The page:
THE FUTURE OF THE REPUBLICAN PARTY
The Pew Research Center informs us that, on key issues, the Republican party has lost traction with the American people. On education, health care, the economy, foreign affairs, the war on terror, and taxes, the citizenry tend to prefer what the Democrats are saying and doing over that of the Republicans. In an article featured in the latest issue of Time, entitled "Is the Party Over?, Michael Grunwald asks whether "the Republicans are going extinct . . . [a]nd can the death march be stopped?" It is an interesting question.
But it's not as if it hasn't been asked before. From a historical perspective, the projected demise of the Republican party is nothing new. In 1964, for example, after Barry Goldwater had been chewed up and spat out by Lyndon Johnson, there were many who thought the Republican party had been dealt a death blow. But the obituary announcement was premature. In 1968, along came Tricky Dick and, thereafter, the Gipper.
LBJ's foreign policy did him in, and the country continues to labor under the yoke of his recklessly conceived domestic policies, which he hoped in vain would immortalize him and make his name synonymous with the presidency itself. They haven't.
History sometimes, for better or worse, repeats itself. Barack Obama's foreign policy is every bit as simplistic about the war on terror as Johnson's was about the war in Vietnam. Additionally, the current president is inclined to spend profusely in order to solve problems and is, remarkably enough, more ambitious in that way than Johnson ever was. Yet, please remember, after Lyndon had been in office five years, people were ready to shout "good riddance to bad rubbish."
There is no arcane philosophical meaning in all this, although there is a rather commonplace observation to be made. It is that political figures sometimes have a way of snatching defeat from the jaws of victory, causing the populace to look once again to the loyal opposition for a solution. Politics is a volatile business. It indulges a bubble popularity.
Now is the time for the Republican party to re-read the Constitution, along with the formative documents of American history, and to reacquaint itself with works by Adam Smith, Friedrich Hayek, and Milton Friedman. Republicans should return to basic "blocking and tackling" and other foundational principles of the game. It should stand in resolute opposition to current administration policies. These policies are bound to fail, at which moment there must be a team willing and ready to take the field, true to their game plan. A quarterback must stand ready to marshall the team's forces.
Newt Gingrich is a brilliant scholar and a thoroughly seasoned politician. He understands the nasty politics played in Washington. He combines Kantian ends with Machiavellian means. What is more, he comprehends, respects, and values traditional American culture. He towers, head and shoulders, above every other Republican leader in the country in virtually every respect. In a debate with Barack Obama, Gingrich will win, and win handily – particularly on the facts, if not on their presentation.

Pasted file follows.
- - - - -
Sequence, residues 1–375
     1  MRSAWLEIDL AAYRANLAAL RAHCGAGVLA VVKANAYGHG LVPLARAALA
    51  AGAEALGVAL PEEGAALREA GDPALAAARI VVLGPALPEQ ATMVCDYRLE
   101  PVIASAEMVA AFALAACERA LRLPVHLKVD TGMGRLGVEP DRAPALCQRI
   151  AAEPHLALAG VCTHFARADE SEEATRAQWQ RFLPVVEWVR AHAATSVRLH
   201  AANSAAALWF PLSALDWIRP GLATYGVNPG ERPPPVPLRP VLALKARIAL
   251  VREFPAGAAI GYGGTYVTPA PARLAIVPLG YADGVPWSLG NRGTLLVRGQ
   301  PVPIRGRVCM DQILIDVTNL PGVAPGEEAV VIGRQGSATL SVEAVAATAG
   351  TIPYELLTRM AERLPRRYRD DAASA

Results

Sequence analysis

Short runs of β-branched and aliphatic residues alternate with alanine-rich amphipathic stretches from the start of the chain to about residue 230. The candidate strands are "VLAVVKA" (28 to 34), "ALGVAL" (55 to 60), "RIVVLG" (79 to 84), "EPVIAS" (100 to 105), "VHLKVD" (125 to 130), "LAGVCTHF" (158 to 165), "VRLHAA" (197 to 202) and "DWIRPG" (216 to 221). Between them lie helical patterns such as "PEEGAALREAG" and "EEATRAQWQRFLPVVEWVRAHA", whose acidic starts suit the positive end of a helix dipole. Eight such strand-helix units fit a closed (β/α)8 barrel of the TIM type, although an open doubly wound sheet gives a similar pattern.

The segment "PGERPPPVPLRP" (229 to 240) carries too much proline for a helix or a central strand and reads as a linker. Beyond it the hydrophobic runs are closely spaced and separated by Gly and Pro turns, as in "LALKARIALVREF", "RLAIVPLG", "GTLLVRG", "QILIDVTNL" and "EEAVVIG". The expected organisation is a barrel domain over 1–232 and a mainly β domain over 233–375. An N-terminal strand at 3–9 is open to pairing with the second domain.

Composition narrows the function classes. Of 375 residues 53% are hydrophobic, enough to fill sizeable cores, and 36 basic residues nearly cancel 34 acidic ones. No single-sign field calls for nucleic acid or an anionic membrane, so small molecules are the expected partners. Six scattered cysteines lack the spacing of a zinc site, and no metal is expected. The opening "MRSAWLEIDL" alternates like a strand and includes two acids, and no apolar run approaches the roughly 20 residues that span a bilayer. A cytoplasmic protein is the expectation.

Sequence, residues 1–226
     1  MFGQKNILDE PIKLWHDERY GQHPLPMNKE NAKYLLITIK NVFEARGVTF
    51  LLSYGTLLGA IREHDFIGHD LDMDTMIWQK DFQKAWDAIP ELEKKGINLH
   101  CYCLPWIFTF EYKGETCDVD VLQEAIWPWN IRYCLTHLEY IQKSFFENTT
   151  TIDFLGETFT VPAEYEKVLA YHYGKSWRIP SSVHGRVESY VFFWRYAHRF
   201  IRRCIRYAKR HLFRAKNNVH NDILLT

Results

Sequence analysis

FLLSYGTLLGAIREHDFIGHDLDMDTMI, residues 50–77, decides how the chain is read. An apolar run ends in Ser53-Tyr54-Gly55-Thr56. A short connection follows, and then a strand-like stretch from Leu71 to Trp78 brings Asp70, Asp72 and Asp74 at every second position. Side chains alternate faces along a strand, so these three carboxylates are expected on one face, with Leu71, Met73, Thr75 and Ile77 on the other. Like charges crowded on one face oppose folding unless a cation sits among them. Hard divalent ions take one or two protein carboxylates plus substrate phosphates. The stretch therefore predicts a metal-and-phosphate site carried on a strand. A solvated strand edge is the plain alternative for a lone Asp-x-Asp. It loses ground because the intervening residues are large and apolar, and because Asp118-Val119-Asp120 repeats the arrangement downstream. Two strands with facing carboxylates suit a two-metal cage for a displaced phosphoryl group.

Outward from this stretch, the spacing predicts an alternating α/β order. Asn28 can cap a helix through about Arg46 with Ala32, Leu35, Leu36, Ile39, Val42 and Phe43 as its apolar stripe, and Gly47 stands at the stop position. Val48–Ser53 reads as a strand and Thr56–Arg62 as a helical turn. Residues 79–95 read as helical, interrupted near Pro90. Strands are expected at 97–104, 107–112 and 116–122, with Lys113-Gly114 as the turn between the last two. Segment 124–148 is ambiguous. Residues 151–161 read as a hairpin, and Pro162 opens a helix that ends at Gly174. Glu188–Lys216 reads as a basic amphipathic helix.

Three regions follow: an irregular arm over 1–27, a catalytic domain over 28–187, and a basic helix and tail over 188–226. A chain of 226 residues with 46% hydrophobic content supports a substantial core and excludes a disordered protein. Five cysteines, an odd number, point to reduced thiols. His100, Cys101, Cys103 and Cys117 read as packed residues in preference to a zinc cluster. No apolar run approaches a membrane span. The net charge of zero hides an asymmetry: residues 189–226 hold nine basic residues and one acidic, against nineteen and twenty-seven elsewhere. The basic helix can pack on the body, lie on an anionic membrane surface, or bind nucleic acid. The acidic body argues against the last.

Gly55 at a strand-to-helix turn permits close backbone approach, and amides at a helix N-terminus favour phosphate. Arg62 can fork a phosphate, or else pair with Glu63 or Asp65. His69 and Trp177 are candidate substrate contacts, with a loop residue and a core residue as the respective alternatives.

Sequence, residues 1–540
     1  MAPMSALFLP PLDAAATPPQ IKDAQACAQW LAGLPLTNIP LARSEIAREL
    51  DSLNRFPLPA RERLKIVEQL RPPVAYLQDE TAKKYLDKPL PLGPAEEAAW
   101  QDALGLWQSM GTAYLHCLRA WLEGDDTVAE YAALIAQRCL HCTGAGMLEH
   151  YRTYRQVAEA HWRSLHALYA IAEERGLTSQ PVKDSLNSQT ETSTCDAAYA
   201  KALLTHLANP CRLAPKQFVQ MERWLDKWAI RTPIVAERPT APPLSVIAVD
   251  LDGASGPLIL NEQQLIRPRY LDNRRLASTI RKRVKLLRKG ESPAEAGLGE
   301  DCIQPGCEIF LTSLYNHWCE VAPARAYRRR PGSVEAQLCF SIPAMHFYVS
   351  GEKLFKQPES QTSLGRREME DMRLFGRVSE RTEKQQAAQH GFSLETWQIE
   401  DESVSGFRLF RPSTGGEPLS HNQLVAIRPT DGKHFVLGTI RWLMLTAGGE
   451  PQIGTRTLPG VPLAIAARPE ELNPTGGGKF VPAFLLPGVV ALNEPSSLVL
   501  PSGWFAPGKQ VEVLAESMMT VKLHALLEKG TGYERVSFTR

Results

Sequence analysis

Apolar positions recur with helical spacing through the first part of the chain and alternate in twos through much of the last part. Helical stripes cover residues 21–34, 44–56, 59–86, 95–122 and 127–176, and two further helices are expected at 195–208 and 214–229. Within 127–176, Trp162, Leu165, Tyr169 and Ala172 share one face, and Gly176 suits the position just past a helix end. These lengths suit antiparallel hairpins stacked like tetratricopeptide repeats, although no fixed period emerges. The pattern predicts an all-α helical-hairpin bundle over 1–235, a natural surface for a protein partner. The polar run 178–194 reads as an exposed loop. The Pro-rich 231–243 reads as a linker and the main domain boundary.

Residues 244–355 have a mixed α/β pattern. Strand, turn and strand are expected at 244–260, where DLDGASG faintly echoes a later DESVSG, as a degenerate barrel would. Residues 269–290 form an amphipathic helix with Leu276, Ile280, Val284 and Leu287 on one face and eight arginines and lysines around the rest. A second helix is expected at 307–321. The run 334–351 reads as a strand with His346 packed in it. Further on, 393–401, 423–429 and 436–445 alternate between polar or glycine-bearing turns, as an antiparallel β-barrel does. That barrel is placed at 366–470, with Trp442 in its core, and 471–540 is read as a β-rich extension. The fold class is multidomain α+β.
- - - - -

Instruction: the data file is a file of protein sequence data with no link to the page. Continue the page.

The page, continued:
In the meantime, with 2012 in view, I suspect that Mr. Obama will attempt to stack the deck as best he can to his electoral advantage. ACORN, or some rogue group like it, will be hard at work registering "voters" and polluting (with impunity of course) the electoral process. Renewed attempts will be made in Congress to extend amnesty to between 10 and 20 million impoverished Third World illegals, and to do the same for the burgeoning population of felons and ex-felons. Both groups will, needless to say, lean markedly toward the Democrats. (Who else would you expect with their unending list of "freebies"?) The corrupt and unconscionable media will continue to propagandize the citizenry with nonstop coverage of how "downtrodden" and "bereft" illegals and felons are and why, in the name of democracy and all that is dear, their voices should be heard. That beat is sure to continue.
There is no hyperbole intended here. If Republicans can simply hold their own for a few years and make it past electoral and media manipulation, the American people may again have a viable social and political option available to them, whether or not they now realize it.
The truths that polling provides are vaporous. It would be a mistake to put much stock in them over the long run. Americans are, at this moment in their history, like sheep without a shepherd. They have little idea where they are going, nor is that their primary concern. Most see themselves as simply trying to survive from paycheck to paycheck, if they are fortunate enough to have one.
Mr. Obama will wreak profound damage upon the country in the office he holds. He will continue promoting aggressive secularism, divisive multiculturalism, callous policies militating against life, incentive-zapping socialist programs resembling those in Europe, the sickening homosexual agenda (complete with a lesbian justice on the Supreme Court, if possible), and a berserkly contrite foreign policy totally naïve and dangerous in its assumptions about human nature.
The point is that, in the aftermath of the last two national elections apparently disastrous for Republicans, there is and will be an enormous opportunity for them. The question will be whether the party exploits it to rebuild so as to offer a choice rather than an echo to the electorate, or whether the party will simply cry in its beer. The big elephant must decide.
May 13, 2009